Early years

December 22, 2016




Loading airmail, late 1930s, Detroit.
The first cargo flight took place on the 7 November 1910 in the USA, between Dayton and Columbus, Ohio. Philip Orin Parmelee piloted a Wright Model B aeroplane 65 miles (105 km) carrying a package of 200 pounds of silk for the opening of a store. Newspaper clippings quoted the Wright brothers as stating he covered the distance in 66 minutes, but the flight was officially recorded at 57 minutes, a world speed record at the time. It was the first “cargo only” flight solely for the transport of goods; the first flight commissioned by a client, and the first example of multimodal air transport, since the pieces of silk were transported by car from Columbus aerodrome to the store.

The world's first official airmail flight took place on 18 February 1911, at a large exhibition in the United Provinces of Agra and Oudh, British India. The organizer of the aviation display, Sir Walter Windham, was able to secure permission from the postmaster general in India to operate an airmail service in order to generate publicity for the exhibition and to raise money for charity. This first airmail flight was piloted by Henri Pequet, who flew 6,500 letters a distance of 13 km (8.1 mi), from Allahabad to Naini - the nearest station on the Bombay-Calcutta line to the exhibition. The aircraft used was a Humber-Sommer biplane with about fifty horsepower (37 kW), and it made the journey in thirteen minutes. The world's first scheduled airmail post service took place in the United Kingdom between the London suburb of Hendon, and the Postmaster General's office in Windsor, Berkshire, on September 9, 1911. It was part of the celebrations for King George V's coronation and at the suggestion of Sir Walter Windham, who based his proposal on the successful experiment he had overseen in India. The service ran for just under a month, transporting 35 bags of mail in 16 flights.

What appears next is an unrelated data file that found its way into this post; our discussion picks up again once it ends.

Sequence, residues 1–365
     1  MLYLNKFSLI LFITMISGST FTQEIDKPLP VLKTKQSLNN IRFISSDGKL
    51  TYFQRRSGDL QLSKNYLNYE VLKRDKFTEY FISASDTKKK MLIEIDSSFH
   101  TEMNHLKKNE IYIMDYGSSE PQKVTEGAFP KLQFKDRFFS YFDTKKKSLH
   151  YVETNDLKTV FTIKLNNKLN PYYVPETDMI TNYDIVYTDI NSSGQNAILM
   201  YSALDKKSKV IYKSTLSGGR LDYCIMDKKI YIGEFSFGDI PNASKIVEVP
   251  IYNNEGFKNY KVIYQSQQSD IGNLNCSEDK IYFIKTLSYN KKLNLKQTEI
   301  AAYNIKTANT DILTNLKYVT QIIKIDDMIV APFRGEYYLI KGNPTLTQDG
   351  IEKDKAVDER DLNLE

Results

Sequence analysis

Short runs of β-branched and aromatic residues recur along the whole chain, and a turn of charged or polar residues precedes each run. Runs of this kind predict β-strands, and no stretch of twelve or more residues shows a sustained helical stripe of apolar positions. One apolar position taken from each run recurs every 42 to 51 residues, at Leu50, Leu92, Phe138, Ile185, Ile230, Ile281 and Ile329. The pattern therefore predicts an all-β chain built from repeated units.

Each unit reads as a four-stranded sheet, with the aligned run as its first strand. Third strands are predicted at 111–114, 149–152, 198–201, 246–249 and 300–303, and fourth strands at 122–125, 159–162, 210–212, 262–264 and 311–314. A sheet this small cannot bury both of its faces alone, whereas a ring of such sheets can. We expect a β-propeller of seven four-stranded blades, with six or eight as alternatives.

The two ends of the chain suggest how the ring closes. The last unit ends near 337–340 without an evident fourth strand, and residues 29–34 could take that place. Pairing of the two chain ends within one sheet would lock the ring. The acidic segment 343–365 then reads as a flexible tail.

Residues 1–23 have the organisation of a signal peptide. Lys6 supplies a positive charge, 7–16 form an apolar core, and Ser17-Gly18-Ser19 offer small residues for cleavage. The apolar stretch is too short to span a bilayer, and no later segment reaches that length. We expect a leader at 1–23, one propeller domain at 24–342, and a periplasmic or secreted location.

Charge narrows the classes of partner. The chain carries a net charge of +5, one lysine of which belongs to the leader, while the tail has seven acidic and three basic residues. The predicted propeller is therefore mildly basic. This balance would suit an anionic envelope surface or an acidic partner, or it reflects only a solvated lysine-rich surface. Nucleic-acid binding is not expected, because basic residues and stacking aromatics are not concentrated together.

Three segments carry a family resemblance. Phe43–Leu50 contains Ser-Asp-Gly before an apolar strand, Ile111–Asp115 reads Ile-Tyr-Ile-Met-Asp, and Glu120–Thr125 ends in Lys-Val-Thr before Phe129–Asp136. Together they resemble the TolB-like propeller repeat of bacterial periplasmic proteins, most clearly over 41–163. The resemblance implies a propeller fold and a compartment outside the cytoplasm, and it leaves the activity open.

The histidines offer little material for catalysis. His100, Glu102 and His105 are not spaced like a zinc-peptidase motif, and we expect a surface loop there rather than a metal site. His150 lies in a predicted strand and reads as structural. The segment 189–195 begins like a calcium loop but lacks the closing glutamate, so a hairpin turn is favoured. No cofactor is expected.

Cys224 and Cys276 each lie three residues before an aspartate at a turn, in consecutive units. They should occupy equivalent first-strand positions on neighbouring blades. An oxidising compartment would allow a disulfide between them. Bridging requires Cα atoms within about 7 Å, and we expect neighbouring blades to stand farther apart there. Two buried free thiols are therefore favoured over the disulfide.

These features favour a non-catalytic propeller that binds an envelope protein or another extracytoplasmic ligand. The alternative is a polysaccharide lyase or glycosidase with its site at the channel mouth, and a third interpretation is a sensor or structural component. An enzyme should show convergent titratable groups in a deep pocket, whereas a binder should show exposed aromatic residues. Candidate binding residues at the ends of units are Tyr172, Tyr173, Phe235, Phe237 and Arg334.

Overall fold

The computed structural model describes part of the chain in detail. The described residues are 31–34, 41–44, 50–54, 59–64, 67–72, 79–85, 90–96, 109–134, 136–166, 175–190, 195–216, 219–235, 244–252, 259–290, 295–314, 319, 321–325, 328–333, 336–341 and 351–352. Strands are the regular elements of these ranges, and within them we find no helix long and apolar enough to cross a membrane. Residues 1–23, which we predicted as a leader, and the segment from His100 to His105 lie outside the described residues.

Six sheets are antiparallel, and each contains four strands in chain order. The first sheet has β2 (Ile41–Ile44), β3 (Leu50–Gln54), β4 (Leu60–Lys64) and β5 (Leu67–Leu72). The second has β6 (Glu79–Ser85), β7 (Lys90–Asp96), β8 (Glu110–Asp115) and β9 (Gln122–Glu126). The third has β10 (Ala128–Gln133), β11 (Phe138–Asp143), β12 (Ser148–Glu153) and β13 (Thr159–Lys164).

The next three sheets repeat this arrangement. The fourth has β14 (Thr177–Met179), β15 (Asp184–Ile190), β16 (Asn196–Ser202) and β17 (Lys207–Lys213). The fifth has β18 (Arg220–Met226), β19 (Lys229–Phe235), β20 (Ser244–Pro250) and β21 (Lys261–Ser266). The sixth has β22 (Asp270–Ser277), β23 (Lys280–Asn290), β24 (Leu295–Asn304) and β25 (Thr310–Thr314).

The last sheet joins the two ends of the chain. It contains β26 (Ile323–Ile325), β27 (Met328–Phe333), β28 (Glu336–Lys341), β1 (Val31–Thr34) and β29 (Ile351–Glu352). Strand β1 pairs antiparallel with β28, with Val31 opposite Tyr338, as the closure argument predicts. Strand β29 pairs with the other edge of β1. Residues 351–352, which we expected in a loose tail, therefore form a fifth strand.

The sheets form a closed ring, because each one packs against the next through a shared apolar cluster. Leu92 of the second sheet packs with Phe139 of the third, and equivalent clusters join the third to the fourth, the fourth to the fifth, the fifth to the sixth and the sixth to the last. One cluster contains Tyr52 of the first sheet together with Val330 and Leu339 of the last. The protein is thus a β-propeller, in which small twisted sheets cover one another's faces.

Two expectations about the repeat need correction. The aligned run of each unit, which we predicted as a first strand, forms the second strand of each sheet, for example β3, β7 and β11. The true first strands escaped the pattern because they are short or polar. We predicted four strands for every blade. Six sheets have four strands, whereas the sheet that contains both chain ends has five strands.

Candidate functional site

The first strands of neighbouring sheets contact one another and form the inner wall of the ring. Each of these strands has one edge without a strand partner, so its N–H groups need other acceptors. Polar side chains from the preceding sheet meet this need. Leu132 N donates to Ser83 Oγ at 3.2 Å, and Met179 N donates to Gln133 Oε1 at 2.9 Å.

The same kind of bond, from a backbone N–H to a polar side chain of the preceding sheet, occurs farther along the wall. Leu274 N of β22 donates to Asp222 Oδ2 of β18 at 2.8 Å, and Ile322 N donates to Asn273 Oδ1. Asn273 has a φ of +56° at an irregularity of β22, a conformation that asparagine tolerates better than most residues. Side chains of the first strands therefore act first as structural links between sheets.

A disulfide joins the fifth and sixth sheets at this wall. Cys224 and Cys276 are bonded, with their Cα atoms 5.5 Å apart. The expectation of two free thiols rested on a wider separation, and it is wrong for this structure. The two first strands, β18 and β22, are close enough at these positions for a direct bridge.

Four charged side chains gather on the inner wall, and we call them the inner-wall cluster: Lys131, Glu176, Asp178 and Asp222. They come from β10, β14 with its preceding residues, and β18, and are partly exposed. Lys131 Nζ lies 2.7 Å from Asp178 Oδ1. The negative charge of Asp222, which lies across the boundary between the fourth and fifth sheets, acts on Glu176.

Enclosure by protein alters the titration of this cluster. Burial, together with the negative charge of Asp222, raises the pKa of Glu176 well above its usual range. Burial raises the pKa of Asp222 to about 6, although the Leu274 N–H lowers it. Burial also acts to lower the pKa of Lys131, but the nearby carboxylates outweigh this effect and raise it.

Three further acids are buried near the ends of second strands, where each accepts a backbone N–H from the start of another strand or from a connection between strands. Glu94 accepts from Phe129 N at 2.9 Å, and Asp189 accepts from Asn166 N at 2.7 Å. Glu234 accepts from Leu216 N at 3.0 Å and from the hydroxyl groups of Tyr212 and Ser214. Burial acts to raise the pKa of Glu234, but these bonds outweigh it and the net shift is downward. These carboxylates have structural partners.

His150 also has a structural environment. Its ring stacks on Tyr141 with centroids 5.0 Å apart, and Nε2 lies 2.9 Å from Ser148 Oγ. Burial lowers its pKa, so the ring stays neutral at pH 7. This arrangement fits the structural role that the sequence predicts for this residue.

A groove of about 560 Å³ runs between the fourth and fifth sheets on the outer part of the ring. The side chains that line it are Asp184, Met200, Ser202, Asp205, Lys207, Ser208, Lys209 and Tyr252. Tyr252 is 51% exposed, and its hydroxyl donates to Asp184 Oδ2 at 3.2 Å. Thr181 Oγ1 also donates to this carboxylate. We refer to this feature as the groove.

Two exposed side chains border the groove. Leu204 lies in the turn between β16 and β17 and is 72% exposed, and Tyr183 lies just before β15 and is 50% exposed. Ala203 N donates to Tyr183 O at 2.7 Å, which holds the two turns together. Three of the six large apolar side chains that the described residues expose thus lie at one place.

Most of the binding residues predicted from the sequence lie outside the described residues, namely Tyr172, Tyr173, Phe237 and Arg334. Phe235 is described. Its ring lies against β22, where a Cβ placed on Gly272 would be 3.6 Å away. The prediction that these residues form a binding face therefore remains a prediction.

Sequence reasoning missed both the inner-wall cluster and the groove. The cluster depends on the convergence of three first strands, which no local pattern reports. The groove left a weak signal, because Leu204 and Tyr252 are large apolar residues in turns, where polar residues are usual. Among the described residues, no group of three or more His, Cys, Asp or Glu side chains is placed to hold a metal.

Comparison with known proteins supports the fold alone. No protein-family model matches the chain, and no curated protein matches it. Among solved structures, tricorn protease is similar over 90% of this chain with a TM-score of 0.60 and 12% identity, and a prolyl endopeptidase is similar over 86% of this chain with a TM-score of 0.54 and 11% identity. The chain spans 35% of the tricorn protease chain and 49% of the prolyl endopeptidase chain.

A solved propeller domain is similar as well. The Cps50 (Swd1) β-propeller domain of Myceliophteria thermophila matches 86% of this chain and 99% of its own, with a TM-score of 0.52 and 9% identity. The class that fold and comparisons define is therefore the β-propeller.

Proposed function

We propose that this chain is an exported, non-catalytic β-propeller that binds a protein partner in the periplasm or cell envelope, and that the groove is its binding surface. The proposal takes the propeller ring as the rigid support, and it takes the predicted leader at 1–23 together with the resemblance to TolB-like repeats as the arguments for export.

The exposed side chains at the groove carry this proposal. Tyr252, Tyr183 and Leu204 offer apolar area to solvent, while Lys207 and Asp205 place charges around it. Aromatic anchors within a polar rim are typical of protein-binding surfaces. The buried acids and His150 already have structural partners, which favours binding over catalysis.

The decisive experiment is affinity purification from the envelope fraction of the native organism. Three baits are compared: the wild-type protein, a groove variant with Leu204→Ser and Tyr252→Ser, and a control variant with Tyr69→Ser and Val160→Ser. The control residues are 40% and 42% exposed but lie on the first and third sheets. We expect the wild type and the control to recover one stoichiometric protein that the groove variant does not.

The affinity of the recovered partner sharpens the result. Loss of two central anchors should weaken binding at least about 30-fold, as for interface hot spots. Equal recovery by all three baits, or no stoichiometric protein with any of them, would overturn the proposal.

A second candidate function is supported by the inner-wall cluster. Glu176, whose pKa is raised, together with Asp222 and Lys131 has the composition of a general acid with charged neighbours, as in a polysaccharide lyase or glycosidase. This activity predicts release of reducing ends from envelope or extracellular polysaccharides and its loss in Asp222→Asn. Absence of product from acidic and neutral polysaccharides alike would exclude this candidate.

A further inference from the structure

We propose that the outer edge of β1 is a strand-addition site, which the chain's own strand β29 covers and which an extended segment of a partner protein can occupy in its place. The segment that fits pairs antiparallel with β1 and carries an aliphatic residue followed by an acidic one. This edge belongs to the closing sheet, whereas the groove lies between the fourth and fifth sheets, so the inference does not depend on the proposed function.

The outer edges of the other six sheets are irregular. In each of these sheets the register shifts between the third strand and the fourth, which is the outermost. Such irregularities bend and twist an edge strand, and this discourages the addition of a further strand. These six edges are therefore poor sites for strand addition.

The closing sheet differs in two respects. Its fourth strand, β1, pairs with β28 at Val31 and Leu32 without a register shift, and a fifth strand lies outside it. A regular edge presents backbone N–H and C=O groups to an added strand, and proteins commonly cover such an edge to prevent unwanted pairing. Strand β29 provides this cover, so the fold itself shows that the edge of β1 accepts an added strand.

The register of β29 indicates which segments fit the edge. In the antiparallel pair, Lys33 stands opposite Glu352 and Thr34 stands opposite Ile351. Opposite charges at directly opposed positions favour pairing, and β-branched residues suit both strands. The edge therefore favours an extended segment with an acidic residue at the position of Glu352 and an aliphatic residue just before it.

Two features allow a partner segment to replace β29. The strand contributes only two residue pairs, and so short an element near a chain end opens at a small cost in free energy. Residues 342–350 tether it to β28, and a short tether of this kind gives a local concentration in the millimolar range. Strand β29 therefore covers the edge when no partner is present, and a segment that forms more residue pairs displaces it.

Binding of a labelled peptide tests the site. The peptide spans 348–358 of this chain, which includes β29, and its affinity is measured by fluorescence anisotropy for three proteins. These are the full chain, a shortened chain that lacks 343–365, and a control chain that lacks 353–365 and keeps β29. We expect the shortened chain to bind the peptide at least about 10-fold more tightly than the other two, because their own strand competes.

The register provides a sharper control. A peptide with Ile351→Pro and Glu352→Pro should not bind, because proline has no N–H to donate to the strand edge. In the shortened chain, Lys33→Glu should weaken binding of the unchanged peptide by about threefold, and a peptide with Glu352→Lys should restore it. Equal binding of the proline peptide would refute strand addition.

In the early 20s, air cargo developed rapidly because numerous entrepreneurs realized aircraft could move high value and low volume consignments much faster than the railroads and shipping companies. The first scheduled flight from London to Paris in 1919 had only one passenger but carried leather for a shoe manufacturer and grouse for a restaurant. Cinema films were also a frequent consignment: original news’ bulletins were first carried to a central laboratory to make copies, and then distributed by air throughout Europe for their release in cinemas.

Post-war years
Although there were a few attempts to organize air freight airlines from the 1920s on, the first commercial airlines that were all-cargo did not emerge until after World War II. In 1945, at a conference in Havana, 57 airlines formed the International Air Transport Association.

In 1948 Berlin was jointly controlled by the Allies and Russians, although the Russians held the area surrounding the city and thus land access. As this access was closed, in the so-called Berlin blockade, an airlift remained the only option to get increasingly urgent deliveries of food, coal, and other supplies to West Berlin. Over 330 days to 12 May 1949 a total of 2.26 million tons of cargo were airlifted to Berlin, an average of 6,800 tons a day, 80% by the US and 20% by the UK.[2]

Although freight traffic developed modestly, reaching only 800,000 tonnes worldwide by the mid-1950s, the world economy was hitting its post-war stride. Germany and Japan were emerging from their period of purgatory and were poised to take the world of business by storm, the United States was approaching the height of its economic dominance, and Western Europe had recovered from the war. In 1968, Boeing launched the four engine 747, the first wide-body aircraft. The 747 was the first aircraft capable of transporting full pallets in the cargo hold, revolutionizing the air cargo industry.

Modern air cargo:

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Our air freight operations are managed through a network including 438 offices in 93 countries worldwide. 

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